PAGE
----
“Where’s your green?” Bryce asked.
Madison unzipped her jacket and pulled her sweater off her shoulder to reveal a green bra strap. “That count?”
“I guess so,” he said.
“I can’t believe you convinced me to come to another one of Fletcher’s stupid parties. It’s freezing out here!” Madison scooted her lawn chair a little closer to the fire pit. “Who has an outdoor party at night on St. Patrick’s Day anyway?”
“Fletcher, apparently. His folks are home this time, which is why we’re out here, I think. At least with his folks here, it won’t end with cops.”
“Don’t bet on it. Anyway, I’m cold, so I’m not going to be here to the end anyway. Where’s Jackson?”
“No idea. He and I broke up,” Bryce said. “I don’t want to talk about it.”
Madison laughed. “Oh geez.”
“Hey sophomore!” Bryce called out.
A girl walked over and pulled a lawn chair next to Madison. “I have a name,” she said.
“I know,” Bryce replied. “It’s sophomore.”
“How’s your French coming along?” she asked.
“Enchanté,” he said. “That’s all I got.”
Madison rolled her eyes. “How are you, Tiff?”
“I’m cold. My friend ditched me. You are the only people I know here. Can you believe kids are going to go swimming?”
“Really?” Bryce asked.
“Yeah, I guess they might chicken out. I got tired of waiting for them to do it, so I came back up here to get warm. Bunch of boys in their underwear.”
Bryce hopped up from his chair, knocking it over the process, and jogged away toward the lake.
“Boys in underwear,” Madison said.
“He’s going to be so disappointed when he gets there and they are all still dressed,” Tiff said.
Madison laughed, “You didn’t! You made that up to prank him?”
“You know it,” Tiff replied. “How dumb is he to believe people are going swimming?”
“He’s not dumb. Just… hopeful,” Madison said.
Tiff smiled. “If you say so. So are you working on any new stories? I haven’t seen anything from you in the paper since the straws.”
“I’m working on something huge. But I need to get independent sources for some of the things in it, and I’m having trouble figuring out how to do that.”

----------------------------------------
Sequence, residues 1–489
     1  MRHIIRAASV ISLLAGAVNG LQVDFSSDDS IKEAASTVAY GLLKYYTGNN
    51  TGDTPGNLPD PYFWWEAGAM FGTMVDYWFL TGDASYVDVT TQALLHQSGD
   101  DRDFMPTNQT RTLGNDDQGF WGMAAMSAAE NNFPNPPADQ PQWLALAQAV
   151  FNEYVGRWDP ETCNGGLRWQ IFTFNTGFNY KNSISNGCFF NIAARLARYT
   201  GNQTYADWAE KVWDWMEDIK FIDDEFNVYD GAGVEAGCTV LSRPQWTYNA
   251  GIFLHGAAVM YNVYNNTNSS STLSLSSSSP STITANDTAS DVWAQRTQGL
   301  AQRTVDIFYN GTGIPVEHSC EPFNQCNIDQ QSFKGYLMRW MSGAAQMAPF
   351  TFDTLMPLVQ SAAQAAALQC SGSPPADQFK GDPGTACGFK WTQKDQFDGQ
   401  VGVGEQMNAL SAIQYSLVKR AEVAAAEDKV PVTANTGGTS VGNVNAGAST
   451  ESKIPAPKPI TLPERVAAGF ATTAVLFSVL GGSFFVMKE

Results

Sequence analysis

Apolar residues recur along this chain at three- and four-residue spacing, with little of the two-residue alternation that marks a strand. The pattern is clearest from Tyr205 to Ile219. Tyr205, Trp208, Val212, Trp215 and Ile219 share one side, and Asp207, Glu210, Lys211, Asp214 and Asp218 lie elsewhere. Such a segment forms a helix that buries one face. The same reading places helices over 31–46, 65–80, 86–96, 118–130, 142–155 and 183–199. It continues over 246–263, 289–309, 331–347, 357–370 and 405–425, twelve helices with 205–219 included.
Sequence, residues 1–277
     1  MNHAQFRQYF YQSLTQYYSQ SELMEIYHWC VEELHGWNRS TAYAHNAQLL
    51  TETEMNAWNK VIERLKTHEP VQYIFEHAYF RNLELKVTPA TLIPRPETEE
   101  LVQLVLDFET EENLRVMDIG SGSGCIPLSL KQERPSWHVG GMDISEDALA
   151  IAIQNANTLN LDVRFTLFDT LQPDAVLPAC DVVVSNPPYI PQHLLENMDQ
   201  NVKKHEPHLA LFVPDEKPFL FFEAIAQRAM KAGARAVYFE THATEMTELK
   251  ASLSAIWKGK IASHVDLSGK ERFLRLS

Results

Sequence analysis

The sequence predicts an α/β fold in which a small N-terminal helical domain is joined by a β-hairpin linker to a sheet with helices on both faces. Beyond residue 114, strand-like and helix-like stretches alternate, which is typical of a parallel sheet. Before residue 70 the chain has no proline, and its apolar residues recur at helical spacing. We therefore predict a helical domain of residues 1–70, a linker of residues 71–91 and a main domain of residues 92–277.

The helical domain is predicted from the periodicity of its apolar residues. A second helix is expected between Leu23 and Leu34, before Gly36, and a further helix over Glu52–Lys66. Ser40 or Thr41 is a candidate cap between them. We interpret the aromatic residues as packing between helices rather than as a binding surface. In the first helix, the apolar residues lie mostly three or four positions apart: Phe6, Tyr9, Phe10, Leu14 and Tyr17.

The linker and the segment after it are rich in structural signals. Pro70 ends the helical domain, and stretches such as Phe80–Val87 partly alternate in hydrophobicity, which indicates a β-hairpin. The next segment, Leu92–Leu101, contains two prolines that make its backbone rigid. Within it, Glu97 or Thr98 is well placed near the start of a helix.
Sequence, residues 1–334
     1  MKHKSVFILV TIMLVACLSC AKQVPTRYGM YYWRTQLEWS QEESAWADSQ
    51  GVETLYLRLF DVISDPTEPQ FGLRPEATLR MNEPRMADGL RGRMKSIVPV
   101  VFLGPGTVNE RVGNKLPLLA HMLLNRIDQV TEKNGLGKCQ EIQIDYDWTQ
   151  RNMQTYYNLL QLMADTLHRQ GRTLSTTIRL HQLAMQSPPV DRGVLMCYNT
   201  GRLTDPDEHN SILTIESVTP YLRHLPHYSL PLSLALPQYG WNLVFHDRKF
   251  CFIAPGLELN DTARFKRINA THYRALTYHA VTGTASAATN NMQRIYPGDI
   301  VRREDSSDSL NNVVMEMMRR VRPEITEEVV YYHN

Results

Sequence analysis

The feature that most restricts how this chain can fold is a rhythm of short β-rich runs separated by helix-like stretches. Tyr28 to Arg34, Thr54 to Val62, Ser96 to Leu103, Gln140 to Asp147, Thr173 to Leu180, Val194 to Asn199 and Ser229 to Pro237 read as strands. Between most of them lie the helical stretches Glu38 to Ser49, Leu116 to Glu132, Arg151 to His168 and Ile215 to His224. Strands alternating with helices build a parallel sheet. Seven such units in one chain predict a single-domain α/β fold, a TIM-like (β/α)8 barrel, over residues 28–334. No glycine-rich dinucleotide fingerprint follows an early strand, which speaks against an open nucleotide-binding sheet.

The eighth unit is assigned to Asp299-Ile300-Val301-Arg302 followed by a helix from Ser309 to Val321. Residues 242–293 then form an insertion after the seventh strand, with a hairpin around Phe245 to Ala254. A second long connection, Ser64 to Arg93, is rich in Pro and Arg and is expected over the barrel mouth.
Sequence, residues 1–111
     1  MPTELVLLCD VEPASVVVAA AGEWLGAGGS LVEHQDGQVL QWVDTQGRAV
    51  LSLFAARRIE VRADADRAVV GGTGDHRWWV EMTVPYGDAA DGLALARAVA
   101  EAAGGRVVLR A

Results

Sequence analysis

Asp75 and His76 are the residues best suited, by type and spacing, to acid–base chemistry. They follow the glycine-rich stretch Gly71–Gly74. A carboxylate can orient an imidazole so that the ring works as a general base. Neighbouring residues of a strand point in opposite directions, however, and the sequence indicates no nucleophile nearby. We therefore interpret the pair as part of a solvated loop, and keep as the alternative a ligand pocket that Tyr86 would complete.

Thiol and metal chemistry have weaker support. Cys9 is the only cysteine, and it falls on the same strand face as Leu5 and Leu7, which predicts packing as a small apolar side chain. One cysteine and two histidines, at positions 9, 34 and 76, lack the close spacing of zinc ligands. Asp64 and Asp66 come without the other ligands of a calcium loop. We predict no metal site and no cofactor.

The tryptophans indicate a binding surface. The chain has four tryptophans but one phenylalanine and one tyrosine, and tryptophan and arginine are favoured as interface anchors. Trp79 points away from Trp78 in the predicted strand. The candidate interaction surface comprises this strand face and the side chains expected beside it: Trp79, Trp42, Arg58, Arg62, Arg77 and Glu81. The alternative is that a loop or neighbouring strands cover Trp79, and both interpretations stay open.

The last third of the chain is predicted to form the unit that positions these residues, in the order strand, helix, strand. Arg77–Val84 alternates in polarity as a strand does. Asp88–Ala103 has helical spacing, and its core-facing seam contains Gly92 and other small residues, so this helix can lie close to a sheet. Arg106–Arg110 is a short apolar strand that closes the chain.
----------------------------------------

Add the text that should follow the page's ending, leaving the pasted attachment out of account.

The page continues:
“What’s it about?” Tiff asked.
“Government conspiracy. End of the world. You know, the usual,” Madison said.
“Cool, cool. Anything I need to worry about?”
Madison shrugged. “Hard to say. Something very bad is definitely going to happen in April, but it might not affect us at all. I have a good idea of what and when, but no idea where.”
“You’re kind of freaking me out,” Tiff said. “Is there something I should be doing?”
“You have any money in the bank?” Madison asked.
“Not really,” Tiff said.
“Then no, probably not. Just hang tight and hope the people in charge know what they’re doing.”
“Do the people in charge know what they’re doing?”
“Definitely not,” Madison said.
“That wasn’t nice,” Bryce said, arriving back at the fire pit, righting his chair, and slumping in it to warm his hands.
Madison and Tiff laughed. “She got you pretty good,” Madison said.
“Yeah, yeah. What are you two talking about?” he asked.
“End of the world,” Tiff replied.
“Oh, that. Old news. Ima miss the internet most, I think,” Bryce said.
“What?” Tiff asked, suddenly appearing very concerned.
Bryce’s eyes widened and he turned to Madison. “Did I just spill a secret?” he stage-whispered.
“It’s fine,” Madison said. “I hadn’t gotten into specifics.”
“We are losing the internet in April?” Tiff asked.
“Someone is,” Madison replied. “No way to know who.”
“For how long?” she asked.
“Months? Years? Hard to say really. It’ll be a long road back for whoever it happens to,” Madison explained.
“Wow. It’s kind of cool that you know about this and nobody else does,” Tiff said. “Until you run your story, I suppose.”
“If I run my story,” Madison said. “I can’t run it without more confirmation. I might never find that.”
“You can always run it after the fact,” Bryce said. “Once it happens, there won’t be any question that you were right.”
Madison nodded. “Good point. Wanna get out of here and warm up with some coffee?”
“Yes,” Tiff and Bryce said in unison.